start_date alone in a cell will return 2018-12-31 (i.e. one day before)

Also, if I add a label into the view of, it will break, e…g `

viewof start_date = html`Start Date: <input type=date value=2019-01-01>`

Here’s a working implementation of the StackOverflow example mentioned above:

Note that the values returned are different than the inputs dates by one day, and that don’t try to label the inputs.

For anyone following this (or other newbies), a few notes:

javascript, dates are expressed in milliseconds, which becomes important when trying to add or subtract dates.

the dates captured in the dateinput are stored as UTC values - as the zeroth second of the day. calling the name of the dateinput function, however, appears to referencing one’s local system time, which creates a disparity between the date input value and how that value is reproduced when calling that value by the name of the function. mike gets around this in his How many days since? tool by explicitly formatting the date as UTC with this bit of code: .toLocaleString(undefined, {timeZone: "utc", month: "long", day: "numeric", year: "numeric"})

… for all the date to line up, each date must be formatted.

I haven’t figured out what’s going on with the inputs breaking when adding additional HTML, but I’ll update once I do. I also haven’t found a good reference to explain these ‘subcomponent’ bits of the function and how they work across cells (probably because I haven’t figured out what they should be called yet), but I’ll update once I do. I’ll also see if I can figure out why some ‘complex’ functions will return a value, others return function information, and others come through as ‘undefined’, but I’ll keep reading… of course, I welcome tips and pointers!

It’s quite weird (frustrating) that <input type=date> gives you dates on UTC midnight as input.valueAsDate, rather than midnight local time. Thus, if you want to format the date as a string consistently with the input, you either need to convert it to local time or format it in UTC time.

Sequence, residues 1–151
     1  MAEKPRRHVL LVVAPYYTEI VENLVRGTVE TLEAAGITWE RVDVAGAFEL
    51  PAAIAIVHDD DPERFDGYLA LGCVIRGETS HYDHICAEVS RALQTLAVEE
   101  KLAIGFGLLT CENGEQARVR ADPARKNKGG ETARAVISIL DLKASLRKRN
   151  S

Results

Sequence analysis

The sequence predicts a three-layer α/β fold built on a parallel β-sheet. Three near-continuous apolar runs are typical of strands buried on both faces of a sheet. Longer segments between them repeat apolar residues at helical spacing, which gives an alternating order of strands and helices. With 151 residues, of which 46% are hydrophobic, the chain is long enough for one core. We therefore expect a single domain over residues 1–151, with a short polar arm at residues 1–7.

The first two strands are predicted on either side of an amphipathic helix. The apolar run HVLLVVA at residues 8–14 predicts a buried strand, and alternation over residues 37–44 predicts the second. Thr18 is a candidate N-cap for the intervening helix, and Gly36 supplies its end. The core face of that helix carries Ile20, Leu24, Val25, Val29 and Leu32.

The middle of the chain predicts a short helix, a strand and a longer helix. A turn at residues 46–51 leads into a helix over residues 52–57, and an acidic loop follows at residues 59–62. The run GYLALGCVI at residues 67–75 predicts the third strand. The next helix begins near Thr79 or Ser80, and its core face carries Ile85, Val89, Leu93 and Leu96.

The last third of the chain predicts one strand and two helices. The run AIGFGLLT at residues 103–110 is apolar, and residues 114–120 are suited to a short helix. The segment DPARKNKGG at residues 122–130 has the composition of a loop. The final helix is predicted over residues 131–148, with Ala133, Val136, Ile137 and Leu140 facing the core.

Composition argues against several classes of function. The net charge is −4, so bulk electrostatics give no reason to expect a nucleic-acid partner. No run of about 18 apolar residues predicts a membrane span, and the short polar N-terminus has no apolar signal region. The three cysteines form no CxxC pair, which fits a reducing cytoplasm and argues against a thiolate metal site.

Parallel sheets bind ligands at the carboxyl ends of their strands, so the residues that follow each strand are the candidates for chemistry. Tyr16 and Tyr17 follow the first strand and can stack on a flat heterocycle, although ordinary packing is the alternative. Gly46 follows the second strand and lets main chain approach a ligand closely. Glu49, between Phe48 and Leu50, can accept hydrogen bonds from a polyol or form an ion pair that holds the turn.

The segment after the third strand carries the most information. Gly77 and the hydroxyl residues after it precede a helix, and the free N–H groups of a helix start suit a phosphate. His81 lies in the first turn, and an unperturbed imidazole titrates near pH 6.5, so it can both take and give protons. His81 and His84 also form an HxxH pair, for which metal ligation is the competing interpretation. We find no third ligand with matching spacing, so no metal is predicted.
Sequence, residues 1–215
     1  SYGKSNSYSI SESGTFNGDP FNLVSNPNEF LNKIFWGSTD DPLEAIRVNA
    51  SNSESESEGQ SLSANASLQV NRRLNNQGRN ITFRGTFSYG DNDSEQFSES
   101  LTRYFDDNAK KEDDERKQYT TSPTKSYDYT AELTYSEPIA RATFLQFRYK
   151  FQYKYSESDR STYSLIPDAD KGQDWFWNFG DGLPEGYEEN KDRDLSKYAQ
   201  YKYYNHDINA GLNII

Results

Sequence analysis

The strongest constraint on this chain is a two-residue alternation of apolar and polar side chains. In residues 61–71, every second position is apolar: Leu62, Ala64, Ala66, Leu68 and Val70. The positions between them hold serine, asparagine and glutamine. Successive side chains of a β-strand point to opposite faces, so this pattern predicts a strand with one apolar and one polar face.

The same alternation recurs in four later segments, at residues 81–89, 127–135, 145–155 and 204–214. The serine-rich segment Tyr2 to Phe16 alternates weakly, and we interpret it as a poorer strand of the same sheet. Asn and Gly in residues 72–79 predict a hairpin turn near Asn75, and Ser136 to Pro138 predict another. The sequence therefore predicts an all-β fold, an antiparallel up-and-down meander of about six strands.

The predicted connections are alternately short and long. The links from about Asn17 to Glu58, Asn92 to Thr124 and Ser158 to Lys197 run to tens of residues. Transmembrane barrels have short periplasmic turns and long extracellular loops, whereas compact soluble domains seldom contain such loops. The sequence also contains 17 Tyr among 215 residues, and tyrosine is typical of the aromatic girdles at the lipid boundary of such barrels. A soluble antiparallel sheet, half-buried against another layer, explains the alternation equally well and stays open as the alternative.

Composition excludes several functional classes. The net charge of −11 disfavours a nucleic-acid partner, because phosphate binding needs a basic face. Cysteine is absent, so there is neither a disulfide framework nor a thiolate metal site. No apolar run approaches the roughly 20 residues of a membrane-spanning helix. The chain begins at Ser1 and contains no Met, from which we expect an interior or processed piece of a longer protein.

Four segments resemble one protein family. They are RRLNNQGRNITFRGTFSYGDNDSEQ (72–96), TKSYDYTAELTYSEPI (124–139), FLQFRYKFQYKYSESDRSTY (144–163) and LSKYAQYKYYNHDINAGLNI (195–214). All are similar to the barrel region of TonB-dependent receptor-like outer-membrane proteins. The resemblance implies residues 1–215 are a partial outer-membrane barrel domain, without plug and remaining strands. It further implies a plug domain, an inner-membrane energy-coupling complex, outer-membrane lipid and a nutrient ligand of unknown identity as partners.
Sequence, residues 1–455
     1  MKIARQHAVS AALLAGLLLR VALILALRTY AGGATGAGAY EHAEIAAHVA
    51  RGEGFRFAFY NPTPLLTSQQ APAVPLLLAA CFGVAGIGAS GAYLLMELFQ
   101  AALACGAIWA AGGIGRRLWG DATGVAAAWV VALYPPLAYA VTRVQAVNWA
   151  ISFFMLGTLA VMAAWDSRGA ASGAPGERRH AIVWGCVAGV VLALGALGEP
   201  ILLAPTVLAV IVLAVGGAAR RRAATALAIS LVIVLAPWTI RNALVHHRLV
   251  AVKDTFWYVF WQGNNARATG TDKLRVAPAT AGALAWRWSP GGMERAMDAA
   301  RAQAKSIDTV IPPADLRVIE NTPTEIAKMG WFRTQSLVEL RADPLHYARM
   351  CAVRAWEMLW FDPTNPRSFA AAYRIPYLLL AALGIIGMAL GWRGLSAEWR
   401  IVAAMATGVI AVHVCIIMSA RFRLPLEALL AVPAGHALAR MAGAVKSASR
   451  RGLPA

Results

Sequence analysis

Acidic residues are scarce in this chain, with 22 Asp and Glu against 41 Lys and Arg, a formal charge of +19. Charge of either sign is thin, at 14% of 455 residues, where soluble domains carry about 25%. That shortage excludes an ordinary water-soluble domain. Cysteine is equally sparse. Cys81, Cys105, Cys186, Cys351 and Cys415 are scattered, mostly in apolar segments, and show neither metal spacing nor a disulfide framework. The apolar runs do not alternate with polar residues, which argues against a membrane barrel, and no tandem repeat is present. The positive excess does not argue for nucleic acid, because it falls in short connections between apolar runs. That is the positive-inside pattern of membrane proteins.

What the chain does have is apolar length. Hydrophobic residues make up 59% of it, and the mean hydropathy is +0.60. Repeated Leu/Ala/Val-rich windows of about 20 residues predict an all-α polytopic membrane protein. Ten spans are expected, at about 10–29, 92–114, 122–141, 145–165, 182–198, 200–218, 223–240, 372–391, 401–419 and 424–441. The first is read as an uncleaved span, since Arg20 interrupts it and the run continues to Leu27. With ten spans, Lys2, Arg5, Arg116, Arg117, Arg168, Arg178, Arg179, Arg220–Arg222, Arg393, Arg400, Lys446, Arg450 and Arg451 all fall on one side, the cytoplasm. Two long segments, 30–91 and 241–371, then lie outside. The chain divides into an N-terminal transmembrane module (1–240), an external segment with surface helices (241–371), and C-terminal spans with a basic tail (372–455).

For example, given a UTC date:

utc = new Date("2012-01-02")

To convert UTC to local time:

local = new Date(+utc + utc.getTimezoneOffset() * 1000 * 60)

This can then be formatted in local time:

local.toLocaleString(undefined, {month: "long", day: "numeric", year: "numeric"})

To format a UTC date in UTC time:

utc.toLocaleString(undefined, {timeZone: "utc", month: "long", day: "numeric", year: "numeric"})

Thanks for the clarification, Mike!

As regards some of my other stumbling blocks, a few more notes:

the function.subfunction pattern that was confusing me at the outset has to do with object ‘properties’. As explained by the folks at Mozilla:

When trying to access a property of an object, the property will not only be sought on the object but on the prototype of the object, the prototype of the prototype, and so on until either a property with a matching name is found or the end of the prototype chain is reached.

… to really get my head around this, I’ll need to do more reading about the notation someObject.[[Prototype]] and the fundamentals of inheritance. The Mozilla team also has a good primer on functions to help clarify some basic concepts.

1 Like